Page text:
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Is the BBC doing enough for black audiences?

HEADLINER: Idris Elba plays the lead role in BBC hit show Luther

A DECISION to scrap a BBC podcast focusing on African Caribbean news has raised fresh questions about the quality of media coverage black Britain is receiving from the national broadcaster.

The UK Black podcast contained highlights from shows aimed at black audiences broadcast across 11 different regional radio stations.

Listeners could learn about successful black-owned enterprises in Derby thanks to presenter Devon Daley or about the latest black sporting star in Northampton through host Mike Dean.

But from January 2013, the radio shows were no longer available for download via podcast from the main BBC website. Instead, the various programmes have been collated and now appear on a different section of the BBC website, but can no longer be downloaded.

OVERVIEW

Avid listener, Erica Sebastien, 29, said: “I loved to listen (to the UK Black podcasts). It gave me a great overview of what was happening in our community across the country.”

She said the changes risked reducing its accessibility to fans.

“It was very convenient to listen to the podcasts while I was commuting or at the gym, but the changes will make it much more difficult,” Sebastien added, pointing out that “I went to the website and it simply said it was unavailable. I was really confused. The BBC gave no explanation. It makes me wonder if they value us as an audience.”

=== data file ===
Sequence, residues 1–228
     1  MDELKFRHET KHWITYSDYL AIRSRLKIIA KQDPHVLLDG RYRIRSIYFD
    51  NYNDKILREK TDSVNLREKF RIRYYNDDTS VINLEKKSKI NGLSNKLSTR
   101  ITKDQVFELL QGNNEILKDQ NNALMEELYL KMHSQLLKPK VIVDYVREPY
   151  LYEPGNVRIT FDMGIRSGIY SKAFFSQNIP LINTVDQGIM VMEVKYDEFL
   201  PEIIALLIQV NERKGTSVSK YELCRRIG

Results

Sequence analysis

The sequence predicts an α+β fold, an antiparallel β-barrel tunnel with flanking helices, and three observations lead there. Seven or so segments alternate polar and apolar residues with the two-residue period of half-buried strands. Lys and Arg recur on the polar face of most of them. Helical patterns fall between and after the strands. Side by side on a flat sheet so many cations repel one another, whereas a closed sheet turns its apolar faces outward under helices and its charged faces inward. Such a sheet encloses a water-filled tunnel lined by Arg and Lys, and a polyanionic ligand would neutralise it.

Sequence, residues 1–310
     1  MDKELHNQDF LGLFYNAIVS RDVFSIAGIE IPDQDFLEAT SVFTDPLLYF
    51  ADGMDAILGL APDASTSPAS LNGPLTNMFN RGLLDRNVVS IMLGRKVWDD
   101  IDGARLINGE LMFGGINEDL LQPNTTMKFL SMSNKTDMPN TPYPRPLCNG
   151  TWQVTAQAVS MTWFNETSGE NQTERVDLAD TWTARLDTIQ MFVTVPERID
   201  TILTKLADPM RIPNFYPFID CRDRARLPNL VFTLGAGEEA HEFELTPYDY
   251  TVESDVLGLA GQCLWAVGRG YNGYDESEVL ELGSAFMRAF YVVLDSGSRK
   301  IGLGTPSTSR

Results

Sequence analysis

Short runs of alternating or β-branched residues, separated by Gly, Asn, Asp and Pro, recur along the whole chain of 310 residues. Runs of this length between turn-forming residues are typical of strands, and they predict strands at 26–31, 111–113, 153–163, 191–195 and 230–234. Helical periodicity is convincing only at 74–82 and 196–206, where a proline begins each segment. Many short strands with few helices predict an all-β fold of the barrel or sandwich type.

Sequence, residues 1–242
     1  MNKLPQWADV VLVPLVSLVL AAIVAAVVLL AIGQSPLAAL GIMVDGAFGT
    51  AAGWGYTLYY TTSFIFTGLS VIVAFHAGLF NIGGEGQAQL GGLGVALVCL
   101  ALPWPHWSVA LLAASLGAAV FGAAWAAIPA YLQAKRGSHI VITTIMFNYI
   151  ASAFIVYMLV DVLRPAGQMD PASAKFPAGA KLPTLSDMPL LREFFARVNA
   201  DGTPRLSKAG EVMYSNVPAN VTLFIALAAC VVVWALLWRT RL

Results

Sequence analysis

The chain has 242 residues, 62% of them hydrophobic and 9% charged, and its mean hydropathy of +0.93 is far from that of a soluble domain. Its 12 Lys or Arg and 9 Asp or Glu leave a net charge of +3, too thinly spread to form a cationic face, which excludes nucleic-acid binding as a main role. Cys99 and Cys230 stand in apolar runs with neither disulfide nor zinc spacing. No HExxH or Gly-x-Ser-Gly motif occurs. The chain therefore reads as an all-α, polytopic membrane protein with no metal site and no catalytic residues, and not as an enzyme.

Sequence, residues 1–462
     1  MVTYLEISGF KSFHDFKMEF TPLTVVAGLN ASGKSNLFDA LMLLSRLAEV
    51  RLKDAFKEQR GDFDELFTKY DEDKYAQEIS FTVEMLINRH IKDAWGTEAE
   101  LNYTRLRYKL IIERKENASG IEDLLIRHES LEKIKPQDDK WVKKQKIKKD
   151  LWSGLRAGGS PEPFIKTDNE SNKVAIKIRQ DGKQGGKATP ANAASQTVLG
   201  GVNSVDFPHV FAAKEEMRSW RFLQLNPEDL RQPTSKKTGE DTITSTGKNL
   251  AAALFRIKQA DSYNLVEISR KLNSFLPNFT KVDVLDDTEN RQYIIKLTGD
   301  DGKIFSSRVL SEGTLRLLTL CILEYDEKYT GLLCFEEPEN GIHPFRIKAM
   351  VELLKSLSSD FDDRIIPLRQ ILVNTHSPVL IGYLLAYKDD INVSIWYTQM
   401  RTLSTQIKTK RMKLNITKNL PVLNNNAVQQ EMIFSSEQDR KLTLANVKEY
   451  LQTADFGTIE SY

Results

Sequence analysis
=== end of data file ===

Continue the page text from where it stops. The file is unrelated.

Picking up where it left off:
The UK Black radio shows have also been moved from their original scheduled slots, from between 4-7pm on a Sunday, to a less prominent time for audiences between 8-10pm.

At the time of the changes, David Holdsworth, controller of the BBC English regions, said: “Serving different and diverse audiences is at the heart of local radio and we are investing in our English language programmes for African Caribbean audiences, strengthening our journalism and ensuring that issues affecting all our audiences are reflected in peak time output.”

Despite Holdsworth’s assurances, the move has intensified claims that the broadcaster is watering down its overall coverage of black Britain.

In 2012, the BBC ruled out bringing back iconic black sitcom The Real McCoy following a campaign from The Voice.

The cult comedy, starring Robbie Gee and Meera Syal, had a five-series run and, 17 years after leaving our screens, still attracts more than half a million views on YouTube.

However, the BBC refused to even release the sitcom on DVD, citing the lack of a “big enough market.”

It was seen as a major blow considering that the last major series devoted to the black experience The Crouches was poorly received by critics.

The BBC has also been criticised over the lack of black representation on hardcore news programmes such as Newsnight.


DISAPPEARED: Listeners are angry that the UK Black podcast has been scrapped

When issues surrounding racism tensions are brought to the fore, so are ‘experts’ from the African Caribbean community to talk about it.